Where I live:
I live in what’s called a Kollegium, which is a dorm-style apartment complex. Mine is called Gronjordskollegiet, and is located roughly 15 minutes south of downtown by bike. I got off the bus from the airport last Sunday morning, to be greeted by my SRA whose name is Hjalti (pronounced Y’all – T). He’s a 24 year old business student at the Copenhagen Business School. He’s the man, and made me feel like I had a friend upon my arrival. I live in a single-bed room with my own bathroom, which is definitely a plus. After living in a triple all year at my college, while sharing a bathroom with eleven others, it’s about time I have my own space! I also share a kitchen with the rest of my floor, which includes maybe 20 people. It’s a good place to meet the Danes! I also love the bicycle commute from Gronjords to DIS. Riding over the Langebro Bridge and into downtown gives me a sense of what it’s like to commute like a Dane!
Alright, as my family can attest, I have never cooked for myself. Ever. My sister taught me how to make one pasta dish, granted it’s a good one, but if I try to live on pasta for ten weeks then I will probably get scurvy. No bueno.
Anyways, Hjalti took us to a local grocery store on our first Sunday afternoon, and I completely splurged. We were given food stipends that morning, and I ended up spending over 600 kroners (roughly $120) at the store. Chicken? Coldcuts? Eggplant? You name it. If it looked good, it is now in my fridge and cabinet. I have enough food to survive the apocalypse. Hjalti and my Kollegium-mates made fun of me all afternoon for it. The worst part was carrying all that stuff up the stairs once I got back.
My class: Livability in the Modern City, taught by Bianca Hermansen
This class has pretty much been a dream course for someone pursuing a career in urban design like myself. The central course question asks, “How do we make our cities livable in the face of population growth, traffic congestion, competing claims on urban space, and economic decentralization favoring suburbia?” Our readings have included the works of several urban theorists such as William Whyte, Jane Jacobs, and Jan Gehl. Ultimately, the common theme of these readings is that cities must be designed with the comfort of the human in mind. Sidewalk life and street activity need to be prioritized in design, rather than implementing huge master plans which don’t take into account human scale. In class, we spend our mornings in lecture, while we have “field studies” in the afternoons. Field studies entail applying the knowledge we learned in lectures and readings to actual public spaces in Copenhagen. Our field studies have taken us to parks such as the Islands Brygge, Kongens Have (Rosenborg Palace Garden), and other public spaces such as Christianshavn, Stroget, and more.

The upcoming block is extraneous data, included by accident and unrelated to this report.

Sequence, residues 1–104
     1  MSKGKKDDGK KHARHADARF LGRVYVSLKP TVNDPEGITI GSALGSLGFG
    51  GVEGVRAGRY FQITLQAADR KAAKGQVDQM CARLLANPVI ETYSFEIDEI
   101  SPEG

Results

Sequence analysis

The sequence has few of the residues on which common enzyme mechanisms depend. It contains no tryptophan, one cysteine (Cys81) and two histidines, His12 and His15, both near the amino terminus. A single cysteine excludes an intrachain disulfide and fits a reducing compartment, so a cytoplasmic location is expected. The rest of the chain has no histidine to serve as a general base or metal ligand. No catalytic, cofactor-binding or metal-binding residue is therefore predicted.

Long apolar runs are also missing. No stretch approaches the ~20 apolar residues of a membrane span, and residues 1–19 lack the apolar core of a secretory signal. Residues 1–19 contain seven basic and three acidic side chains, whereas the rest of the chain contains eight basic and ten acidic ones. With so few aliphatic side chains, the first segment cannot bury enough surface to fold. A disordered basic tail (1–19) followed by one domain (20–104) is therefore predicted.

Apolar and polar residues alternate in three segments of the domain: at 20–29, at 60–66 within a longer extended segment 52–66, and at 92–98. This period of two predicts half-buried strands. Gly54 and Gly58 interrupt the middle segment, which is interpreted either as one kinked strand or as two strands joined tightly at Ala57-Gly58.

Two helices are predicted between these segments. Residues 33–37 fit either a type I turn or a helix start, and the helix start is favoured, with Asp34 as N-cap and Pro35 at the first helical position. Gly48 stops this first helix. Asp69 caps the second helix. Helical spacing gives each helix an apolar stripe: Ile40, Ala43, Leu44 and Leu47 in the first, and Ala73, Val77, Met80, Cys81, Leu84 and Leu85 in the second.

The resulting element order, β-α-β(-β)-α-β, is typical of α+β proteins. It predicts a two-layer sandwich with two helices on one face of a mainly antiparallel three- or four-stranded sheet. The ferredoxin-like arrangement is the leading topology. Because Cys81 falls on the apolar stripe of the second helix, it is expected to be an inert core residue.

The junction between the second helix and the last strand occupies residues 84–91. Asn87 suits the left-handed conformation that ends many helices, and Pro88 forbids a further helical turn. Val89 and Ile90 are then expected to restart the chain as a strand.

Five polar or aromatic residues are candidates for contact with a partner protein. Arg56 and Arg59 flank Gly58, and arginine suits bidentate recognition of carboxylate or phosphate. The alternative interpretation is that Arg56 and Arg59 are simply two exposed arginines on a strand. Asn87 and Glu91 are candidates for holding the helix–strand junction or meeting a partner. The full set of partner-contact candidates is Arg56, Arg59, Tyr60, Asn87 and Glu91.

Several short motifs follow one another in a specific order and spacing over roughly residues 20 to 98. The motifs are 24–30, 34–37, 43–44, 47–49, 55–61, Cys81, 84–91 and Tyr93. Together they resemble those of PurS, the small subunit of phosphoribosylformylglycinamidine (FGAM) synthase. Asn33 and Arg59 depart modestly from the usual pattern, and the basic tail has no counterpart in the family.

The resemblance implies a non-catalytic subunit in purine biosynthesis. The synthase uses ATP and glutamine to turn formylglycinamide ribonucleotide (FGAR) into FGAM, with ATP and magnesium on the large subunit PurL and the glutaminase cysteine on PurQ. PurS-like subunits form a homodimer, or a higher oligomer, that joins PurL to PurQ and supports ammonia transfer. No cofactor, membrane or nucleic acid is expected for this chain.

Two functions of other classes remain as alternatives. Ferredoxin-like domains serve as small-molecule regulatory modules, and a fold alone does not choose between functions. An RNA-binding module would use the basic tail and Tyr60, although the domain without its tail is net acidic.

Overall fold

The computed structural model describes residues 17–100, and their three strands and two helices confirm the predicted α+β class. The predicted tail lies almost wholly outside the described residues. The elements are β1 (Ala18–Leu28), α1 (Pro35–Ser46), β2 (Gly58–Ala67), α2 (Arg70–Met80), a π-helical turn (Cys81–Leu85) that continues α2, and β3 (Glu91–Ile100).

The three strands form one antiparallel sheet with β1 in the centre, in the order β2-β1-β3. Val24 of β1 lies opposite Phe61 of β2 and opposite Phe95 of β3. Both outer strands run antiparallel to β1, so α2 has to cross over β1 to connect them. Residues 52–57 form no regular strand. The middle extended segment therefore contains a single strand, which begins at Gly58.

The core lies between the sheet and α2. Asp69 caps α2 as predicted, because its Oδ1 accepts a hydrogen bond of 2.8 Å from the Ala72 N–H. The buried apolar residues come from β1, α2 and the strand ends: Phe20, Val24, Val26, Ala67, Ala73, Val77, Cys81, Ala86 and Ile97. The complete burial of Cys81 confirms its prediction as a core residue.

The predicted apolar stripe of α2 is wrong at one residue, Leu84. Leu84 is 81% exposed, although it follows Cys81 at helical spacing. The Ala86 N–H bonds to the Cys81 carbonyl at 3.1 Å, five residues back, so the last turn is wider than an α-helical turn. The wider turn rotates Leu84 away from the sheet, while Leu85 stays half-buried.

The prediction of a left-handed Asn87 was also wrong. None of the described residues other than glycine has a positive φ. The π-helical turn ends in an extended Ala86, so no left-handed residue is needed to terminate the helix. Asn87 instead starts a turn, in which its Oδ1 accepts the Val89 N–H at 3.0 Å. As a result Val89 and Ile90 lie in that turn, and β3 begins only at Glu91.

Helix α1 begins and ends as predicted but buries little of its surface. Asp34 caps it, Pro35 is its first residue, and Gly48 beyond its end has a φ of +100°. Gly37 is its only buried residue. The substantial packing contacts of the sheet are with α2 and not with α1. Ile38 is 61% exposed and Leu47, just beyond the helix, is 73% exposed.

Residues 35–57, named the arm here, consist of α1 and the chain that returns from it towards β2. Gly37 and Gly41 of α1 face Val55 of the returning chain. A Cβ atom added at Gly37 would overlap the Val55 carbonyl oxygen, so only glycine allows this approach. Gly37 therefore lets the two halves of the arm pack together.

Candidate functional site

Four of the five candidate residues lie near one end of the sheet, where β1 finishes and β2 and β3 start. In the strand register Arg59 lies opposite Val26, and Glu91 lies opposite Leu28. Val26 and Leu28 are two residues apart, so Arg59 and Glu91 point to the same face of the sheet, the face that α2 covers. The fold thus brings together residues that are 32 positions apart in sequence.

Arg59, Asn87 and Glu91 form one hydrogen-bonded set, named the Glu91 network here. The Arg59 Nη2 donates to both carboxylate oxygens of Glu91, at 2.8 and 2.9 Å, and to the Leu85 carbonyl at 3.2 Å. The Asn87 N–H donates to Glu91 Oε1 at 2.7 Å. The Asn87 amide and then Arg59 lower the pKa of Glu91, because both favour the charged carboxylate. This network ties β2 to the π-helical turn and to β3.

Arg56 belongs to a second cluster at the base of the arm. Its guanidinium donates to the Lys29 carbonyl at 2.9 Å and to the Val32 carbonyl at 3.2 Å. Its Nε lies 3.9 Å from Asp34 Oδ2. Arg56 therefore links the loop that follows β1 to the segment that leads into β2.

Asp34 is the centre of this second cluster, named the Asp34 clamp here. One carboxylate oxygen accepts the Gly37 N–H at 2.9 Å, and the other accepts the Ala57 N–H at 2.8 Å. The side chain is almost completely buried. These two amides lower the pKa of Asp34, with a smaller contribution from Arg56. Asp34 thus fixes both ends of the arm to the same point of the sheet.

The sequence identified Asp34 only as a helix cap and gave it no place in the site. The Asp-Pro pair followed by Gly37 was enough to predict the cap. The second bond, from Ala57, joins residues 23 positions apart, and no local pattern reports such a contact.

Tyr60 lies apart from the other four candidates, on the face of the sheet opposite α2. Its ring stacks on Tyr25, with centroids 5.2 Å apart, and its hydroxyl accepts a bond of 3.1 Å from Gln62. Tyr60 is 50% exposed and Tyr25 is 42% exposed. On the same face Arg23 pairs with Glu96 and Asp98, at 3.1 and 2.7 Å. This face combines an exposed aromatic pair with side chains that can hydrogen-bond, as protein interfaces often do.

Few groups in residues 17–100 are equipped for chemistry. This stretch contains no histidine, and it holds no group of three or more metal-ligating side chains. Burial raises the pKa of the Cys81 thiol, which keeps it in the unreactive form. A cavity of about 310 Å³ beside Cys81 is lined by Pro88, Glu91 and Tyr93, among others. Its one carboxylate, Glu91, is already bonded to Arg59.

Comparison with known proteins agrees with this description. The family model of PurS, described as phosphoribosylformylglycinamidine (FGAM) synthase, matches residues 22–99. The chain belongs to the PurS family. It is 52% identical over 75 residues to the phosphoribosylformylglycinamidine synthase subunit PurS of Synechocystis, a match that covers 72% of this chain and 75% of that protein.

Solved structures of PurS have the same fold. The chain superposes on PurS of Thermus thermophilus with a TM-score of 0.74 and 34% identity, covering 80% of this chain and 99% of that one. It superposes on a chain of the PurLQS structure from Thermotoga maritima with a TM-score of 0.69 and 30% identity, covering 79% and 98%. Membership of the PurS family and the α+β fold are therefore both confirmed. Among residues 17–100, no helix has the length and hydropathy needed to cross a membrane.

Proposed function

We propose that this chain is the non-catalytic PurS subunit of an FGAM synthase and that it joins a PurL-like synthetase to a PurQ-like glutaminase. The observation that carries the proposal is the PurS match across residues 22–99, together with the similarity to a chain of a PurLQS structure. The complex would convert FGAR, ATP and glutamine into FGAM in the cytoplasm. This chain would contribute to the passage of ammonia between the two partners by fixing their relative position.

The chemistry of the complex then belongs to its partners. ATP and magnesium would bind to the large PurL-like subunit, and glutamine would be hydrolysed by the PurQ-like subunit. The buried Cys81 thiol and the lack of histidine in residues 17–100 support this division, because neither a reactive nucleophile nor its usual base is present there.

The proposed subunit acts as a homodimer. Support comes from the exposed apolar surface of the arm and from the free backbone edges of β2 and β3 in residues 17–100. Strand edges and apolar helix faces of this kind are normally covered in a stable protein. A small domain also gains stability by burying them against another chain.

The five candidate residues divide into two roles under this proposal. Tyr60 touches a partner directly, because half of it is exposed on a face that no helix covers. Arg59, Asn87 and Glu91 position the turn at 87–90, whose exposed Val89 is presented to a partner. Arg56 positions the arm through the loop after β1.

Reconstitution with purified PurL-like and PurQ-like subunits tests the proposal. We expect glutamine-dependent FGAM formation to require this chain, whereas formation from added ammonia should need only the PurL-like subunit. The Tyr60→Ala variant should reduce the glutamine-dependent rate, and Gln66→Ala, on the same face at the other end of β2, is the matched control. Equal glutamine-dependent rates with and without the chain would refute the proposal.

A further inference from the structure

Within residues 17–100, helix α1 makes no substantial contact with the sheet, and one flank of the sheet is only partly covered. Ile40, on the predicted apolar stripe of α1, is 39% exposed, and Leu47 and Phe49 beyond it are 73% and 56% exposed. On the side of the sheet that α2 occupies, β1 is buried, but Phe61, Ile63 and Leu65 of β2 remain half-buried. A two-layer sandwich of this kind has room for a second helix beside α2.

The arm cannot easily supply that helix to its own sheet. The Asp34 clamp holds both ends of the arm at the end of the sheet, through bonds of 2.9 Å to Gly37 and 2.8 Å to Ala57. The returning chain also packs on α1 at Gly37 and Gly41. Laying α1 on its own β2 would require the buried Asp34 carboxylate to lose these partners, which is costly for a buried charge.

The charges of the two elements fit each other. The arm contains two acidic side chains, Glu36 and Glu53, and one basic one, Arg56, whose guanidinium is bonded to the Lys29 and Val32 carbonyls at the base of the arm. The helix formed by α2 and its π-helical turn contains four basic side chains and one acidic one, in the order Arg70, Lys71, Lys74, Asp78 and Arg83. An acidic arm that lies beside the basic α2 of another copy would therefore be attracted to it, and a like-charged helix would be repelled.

My favorite part of the city so far…
…is definitely the Islands Brygge (pronounced Ees-lands-Berg… I think), a park located south of downtown along the harbor which splits the city in half. I’ve been there twice now: Hjalti took us down there last Monday to jump in the harbor, and we had to go there individually for my Livability in the Modern City class the other day. From my designer standpoint, the Islands Brygge is the ideal urban park, filled with both active and passive park-goers including people watchers, joggers, eaters, and the like. People can be seen all over the green just sitting and enjoying themselves in groups or alone. Kids skate through a concrete section of the park as older kids play basketball in the same mini-plaza. There are even a greater number of people sitting on the concrete ledge surrounding the basketball court simply watching the skaters and basketball players. It’s essentially a public amphitheater filled with activity, built into the landscape. The park sits comfortably in between the harbor and a busy street, creating the perfect architectural relationship between both. I spent a solid hour and a half analyzing the space for class, and I honestly could have spent another hour and a half people watching. Officially having a favorite spot in the city makes Copenhagen feel more like a home to me.